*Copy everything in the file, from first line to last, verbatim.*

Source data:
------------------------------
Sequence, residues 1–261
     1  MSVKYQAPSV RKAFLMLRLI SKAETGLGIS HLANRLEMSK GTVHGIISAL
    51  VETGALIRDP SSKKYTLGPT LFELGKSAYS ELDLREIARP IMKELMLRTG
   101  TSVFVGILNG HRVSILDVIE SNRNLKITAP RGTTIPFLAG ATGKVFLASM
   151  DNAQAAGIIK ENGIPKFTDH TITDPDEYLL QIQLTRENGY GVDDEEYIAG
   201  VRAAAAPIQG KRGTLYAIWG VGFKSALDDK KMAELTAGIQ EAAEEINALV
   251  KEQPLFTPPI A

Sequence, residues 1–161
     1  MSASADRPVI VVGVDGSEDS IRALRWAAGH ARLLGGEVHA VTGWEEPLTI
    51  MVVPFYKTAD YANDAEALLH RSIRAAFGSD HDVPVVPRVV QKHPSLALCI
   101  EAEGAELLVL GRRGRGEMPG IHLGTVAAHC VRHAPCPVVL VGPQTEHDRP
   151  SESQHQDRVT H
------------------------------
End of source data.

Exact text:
Sequence, residues 1–261
     1  MSVKYQAPSV RKAFLMLRLI SKAETGLGIS HLANRLEMSK GTVHGIISAL
    51  VETGALIRDP SSKKYTLGPT LFELGKSAYS ELDLREIARP IMKELMLRTG
   101  TSVFVGILNG HRVSILDVIE SNRNLKITAP RGTTIPFLAG ATGKVFLASM
   151  DNAQAAGIIK ENGIPKFTDH TITDPDEYLL QIQLTRENGY GVDDEEYIAG
   201  VRAAAAPIQG KRGTLYAIWG VGFKSALDDK KMAELTAGIQ EAAEEINALV
   251  KEQPLFTPPI A

Sequence, residues 1–161
     1  MSASADRPVI VVGVDGSEDS IRALRWAAGH ARLLGGEVHA VTGWEEPLTI
    51  MVVPFYKTAD YANDAEALLH RSIRAAFGSD HDVPVVPRVV QKHPSLALCI
   101  EAEGAELLVL GRRGRGEMPG IHLGTVAAHC VRHAPCPVVL VGPQTEHDRP
   151  SESQHQDRVT H